“JUBILEE” is Versailles’ first major album under Warner Music Japan. With this new release comes a variety of new features and sounds, as well as a truly though-provoking performance.
The tracks on this album deviate from the heavier, symphonic metal sound to a gentler, airy, neo-classical style that ultimately Versailles has never attempted before. Though the songs evoke a similar theme of tragedy and destined romance, the melodies are not as dark as those of previous compositions. The series of new endeavors are notable, even difficult to miss. One might be surprised to hear an acoustic melody in “Amorphous”, a fairytale-like ballad that is soft and simple, truly the polar opposite of the dueling guitar melodies usually performed. Similarly, TERU is most noted for his torturous, powerful, and fast-paced compositions, and the melody he composed for “愛と哀しみのノクターン (Ai to Kanashimi no Nocturne)” is a stark contrast to his previous works, although it captures the neo-classical theme quite well. Also to be noted: KAMIJO relinquishes his duty as lyricist to HIZAKI for two tracks, including “月下香 (Gekkakou)” which incorporates Latin, a new feature.
The Latin chant in the song is rather interesting, but also somewhat misplaced except for the way is sounds coupled with the thundering melody. Lyrically it serves little purpose other than adding to the general mysteriousness of the song.
The opening track, “God Palace -Method of Inheritance-” is certainly the strongest song on “JUBILEE”, and is arguably KAMIJO’s greatest composition to date. It is the epic tale of the album, an intimidating and impressive 10 minutes and 30 seconds. The song is broken up into four movements: The Birth of a God, An Age of Upheaval, Destiny, and The End of Eternity. The melody adjusts itself according to movements, and the intensity of the melody, as well as the passion and revival described in the lyrics make this track incredibly noteworthy. It delves into the nature of humanity and suffering, as well as destiny, a recurring theme, from different perspectives and stages of life. It is a paragon of quality and effort on each member’s part. Another highlight of the album is the following track, “Ascendead Master”. This song is the most commercial, beautiful, but unfortunately predictable. It is catchy and clever, the obvious appeal being the PV; vampires have quite the lure on fans as of late. One pleasant feature is the minute-long guitar solo, which especially emphasizes the strength of dueling twin guitars.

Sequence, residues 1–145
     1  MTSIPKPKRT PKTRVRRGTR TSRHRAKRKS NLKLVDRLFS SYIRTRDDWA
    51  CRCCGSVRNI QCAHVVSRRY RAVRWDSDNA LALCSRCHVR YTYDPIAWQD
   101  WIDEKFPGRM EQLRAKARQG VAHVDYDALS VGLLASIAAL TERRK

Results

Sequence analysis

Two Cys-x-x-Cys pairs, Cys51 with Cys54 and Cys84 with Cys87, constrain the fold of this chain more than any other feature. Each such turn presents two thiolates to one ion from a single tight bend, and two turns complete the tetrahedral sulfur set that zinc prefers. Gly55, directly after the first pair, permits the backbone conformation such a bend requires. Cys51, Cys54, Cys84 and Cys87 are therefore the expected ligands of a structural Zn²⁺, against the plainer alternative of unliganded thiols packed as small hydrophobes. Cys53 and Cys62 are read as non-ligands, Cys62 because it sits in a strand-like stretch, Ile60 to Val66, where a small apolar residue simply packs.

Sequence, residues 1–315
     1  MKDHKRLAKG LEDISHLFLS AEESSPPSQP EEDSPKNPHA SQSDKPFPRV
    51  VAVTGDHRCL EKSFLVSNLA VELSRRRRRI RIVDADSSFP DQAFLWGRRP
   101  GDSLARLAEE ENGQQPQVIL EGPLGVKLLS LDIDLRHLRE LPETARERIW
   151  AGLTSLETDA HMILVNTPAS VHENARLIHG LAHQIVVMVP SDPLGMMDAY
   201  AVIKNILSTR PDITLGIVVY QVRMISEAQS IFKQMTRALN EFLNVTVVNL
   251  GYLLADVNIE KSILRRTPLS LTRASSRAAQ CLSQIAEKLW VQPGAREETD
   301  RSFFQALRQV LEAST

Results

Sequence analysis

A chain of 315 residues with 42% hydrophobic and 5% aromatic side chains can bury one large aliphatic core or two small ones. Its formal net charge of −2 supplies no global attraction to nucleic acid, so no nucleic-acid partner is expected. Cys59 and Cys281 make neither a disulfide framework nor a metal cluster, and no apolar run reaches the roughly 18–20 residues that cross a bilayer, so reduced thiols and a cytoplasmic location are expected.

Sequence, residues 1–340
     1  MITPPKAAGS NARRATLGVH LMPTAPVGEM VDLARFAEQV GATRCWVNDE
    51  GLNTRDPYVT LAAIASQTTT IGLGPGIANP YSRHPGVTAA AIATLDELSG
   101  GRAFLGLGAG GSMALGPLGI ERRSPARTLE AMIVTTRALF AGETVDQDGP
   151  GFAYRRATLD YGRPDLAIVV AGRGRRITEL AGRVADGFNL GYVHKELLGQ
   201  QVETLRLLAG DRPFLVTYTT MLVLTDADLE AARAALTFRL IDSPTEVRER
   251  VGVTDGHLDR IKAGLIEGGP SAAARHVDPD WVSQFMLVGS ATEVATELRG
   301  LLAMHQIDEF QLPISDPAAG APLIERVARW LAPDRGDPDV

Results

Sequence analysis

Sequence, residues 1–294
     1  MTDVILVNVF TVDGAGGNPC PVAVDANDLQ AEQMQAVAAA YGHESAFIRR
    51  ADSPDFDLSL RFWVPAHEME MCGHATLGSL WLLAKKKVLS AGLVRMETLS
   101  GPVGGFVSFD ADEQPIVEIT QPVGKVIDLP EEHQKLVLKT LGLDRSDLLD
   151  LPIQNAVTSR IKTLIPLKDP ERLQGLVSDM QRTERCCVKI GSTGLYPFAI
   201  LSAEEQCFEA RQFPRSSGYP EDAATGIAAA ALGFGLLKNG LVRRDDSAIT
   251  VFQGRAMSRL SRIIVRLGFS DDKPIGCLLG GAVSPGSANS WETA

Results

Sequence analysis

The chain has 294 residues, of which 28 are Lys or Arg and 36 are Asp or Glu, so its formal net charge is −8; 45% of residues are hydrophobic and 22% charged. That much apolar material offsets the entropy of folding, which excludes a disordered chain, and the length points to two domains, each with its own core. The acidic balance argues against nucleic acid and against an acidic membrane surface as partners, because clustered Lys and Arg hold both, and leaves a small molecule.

“JUBILEE” is also very special because it possesses the last of bassist, Jasmine You’s work with Versailles, as well as his spirit. His memory, most especially, is preserved in the song “Serenade”, which was written for him. HIZAKI’s composition is ethereal, full of light. It incorporates piano and violin, adding not only to the neo-classical and Christian themes, but also to the sentiment. KAMIJO’s lyrics are speaking to Jasmine You, and to the loss the band has suffered. It is a special song not only for Versailles, but for fans as well.
This album, “JUBILEE” represents a new stage of growth for Versailles and their original aesthetic. They’ve daringly experimented with their sound and their talents, and the general effort is impressive. Fans may welcome or discourage certain new features, but as a whole “JUBILEE” can stand as another example of total aestheticism.
Are you interested in supporting the band by getting your own copy of the release? Here is something to get you started:
Release: JUBILEE -Method of Inheritance-
Release date: January 20, 2010
Cd number: WPCL-10755 / WPZL-30169/70
You’ve probably noticed that the writing style of this review is different than some of the other reviews on the magazine. This is because this review was written by Khalia S, one of the guest-writers for Arlequin Magazine.
A Dutch translation of this review was made by Arlequin, to ensure that Dutch readers are also able to read Khalia’s work.